The Delhi High Court has set aside the appointment of Dr Navneet Goel as Medical Director of the state-run Dr Babasaheb Ambedkar Hospital here, saying the Delhi government’s health department created the post without following the due procedure.
It said the power of State, as an employer, cannot be exercised arbitrarily.
A bench headed by Chief Justice Satish Chandra Sharma observed that public employment in a sovereign, socialist, secular, democratic republic has to be in accordance with the Constitution and laws, and in the present case, the appointment was not in terms of the statutory provisions.
The power of State, which is meant to be a”model employer”, are “more limited” than a private employer as they are subject to constitutional limitations, the court observed.
“Public employment in a sovereign, socialist, secular, democratic republic, has to be as set down by the Constitution and the laws made thereunder. Our Constitutional scheme envisages employment by the government and its instrumentalities on the basis of procedure established,” said the bench, also comprising Justice Subramonium Prasad, on a PIL by an individual-Suresh Gaur.
“In no manner can it be construed that the appointment of Respondent No. 4 (Dr Navneet Goel) was done keeping in mind the relevant statutory provisions. In light of the aforesaid, this instant Writ Petition is allowed and the Impugned Order of appointment of Respondent No. 4 as the Medical Director, BSA Hospital is set aside,” ordered the court on May 24.
The petitioner, represented by lawyer Avadh Bihari Kaushik, had claimed that Goel was appointed as the Medical Director, Babasaheb Ambedkar Hospital (BSA Hospital) on March 10, 2021 by the Delhi government in an absolutely anomalous, illegal and arbitrary manner.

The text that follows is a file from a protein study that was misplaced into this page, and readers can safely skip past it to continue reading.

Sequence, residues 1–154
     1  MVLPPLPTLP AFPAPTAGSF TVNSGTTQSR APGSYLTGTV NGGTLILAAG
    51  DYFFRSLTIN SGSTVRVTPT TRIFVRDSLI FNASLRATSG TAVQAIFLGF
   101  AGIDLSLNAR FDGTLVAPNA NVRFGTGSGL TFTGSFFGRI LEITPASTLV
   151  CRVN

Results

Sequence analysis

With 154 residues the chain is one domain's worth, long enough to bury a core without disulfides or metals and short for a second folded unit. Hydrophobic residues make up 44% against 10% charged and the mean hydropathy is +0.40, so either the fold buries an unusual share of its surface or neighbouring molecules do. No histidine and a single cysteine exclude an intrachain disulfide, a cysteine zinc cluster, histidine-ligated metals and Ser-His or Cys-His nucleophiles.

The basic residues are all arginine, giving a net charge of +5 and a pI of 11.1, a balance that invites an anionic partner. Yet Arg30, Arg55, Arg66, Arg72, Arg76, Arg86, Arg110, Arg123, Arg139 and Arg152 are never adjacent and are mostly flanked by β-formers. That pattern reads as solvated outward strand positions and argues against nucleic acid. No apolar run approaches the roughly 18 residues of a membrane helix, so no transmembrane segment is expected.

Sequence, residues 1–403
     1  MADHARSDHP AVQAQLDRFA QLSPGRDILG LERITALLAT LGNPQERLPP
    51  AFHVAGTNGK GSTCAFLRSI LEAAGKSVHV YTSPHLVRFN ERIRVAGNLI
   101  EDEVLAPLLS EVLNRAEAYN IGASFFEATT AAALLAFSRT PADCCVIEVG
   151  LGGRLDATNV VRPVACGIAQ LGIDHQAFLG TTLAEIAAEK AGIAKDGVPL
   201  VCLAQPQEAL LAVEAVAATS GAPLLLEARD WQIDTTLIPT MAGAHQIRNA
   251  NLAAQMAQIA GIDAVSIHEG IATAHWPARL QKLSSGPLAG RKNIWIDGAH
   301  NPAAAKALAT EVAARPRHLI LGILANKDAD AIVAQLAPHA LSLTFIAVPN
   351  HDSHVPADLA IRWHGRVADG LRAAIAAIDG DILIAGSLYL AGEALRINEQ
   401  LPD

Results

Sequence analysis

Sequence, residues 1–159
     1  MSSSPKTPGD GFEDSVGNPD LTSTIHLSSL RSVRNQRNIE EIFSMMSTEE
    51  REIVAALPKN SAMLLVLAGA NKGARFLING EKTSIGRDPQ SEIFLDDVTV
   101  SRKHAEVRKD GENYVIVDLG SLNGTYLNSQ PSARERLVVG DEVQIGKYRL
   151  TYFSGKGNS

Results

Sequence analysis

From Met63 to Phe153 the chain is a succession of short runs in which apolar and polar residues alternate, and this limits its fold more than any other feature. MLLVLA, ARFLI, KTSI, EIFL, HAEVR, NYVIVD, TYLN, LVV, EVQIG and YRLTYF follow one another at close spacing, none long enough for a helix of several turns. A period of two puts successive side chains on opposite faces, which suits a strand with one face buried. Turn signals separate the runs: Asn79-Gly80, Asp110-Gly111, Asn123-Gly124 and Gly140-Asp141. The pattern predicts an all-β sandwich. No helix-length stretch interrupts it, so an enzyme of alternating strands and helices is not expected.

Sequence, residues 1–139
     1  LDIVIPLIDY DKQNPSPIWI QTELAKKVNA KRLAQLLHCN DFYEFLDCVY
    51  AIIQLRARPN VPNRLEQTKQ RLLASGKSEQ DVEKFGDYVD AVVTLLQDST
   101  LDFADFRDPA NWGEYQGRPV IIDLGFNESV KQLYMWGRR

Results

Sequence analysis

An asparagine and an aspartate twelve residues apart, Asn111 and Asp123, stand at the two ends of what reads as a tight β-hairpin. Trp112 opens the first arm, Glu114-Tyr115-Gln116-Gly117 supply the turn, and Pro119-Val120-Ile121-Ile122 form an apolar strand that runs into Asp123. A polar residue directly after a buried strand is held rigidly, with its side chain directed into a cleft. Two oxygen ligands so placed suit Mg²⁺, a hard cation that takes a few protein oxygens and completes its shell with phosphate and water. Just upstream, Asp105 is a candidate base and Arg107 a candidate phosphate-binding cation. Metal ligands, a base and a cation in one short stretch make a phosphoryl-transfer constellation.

He also alleged there was utter mismanagement at the BSA Hospital ever since he took charge.
The court, in its order, stated the post of Medical Director itself was created through and order dated February 19, 2016 by the health department without following the due process, and the authorities did not place anything on record to state that due process was followed for sanctioning the post as per the Allopathy Rules, 2009.
It also said the authorities appointed “Respondent No. 4 to an irregular post, whilst not even keeping in mind the criterion they themselves have stipulated for appointment to the said post.”
“It is an undisputed fact that the post of Medical Director does not find place in the Allopathy Rules, 2009. The post of Medical Director was created only in terms of the aforesaid mechanical Order dated 19.02.2016. The same, or any other submissions and documents put forth by the Respondents to build their case, has most certainly not satisfied the judicial conscience of this Court,” the court stated.
Defending the appointment, the Delhi government stated the issue of eligibility to the post of Medical Director was only an “administrative decision” keeping in mind the administrative skill, managerial experience and capability of the candidate.
The court however said the “vague criterion affording an almost opaque discretion to the government” for appointment to the post of Medical Director cannot be allowed.
“The State is duty bound to act in a fair and transparent manner in matters of public employment. Any criterion which would be arbitrary in matters of public employment, would run afoul of Articles 14 & 16 of the Constitution,” the court said.
“Equality of opportunity is the hallmark, and the Constitution has provided also for affirmative action to ensure that unequals are not treated as equals. Thus, any public employment has to be in terms of the constitutional scheme. The power of a State as an employer is more limited than even that of a private employer inasmuch as it is subjected to constitutional limitations and cannot be exercised arbitrarily,” stated the court.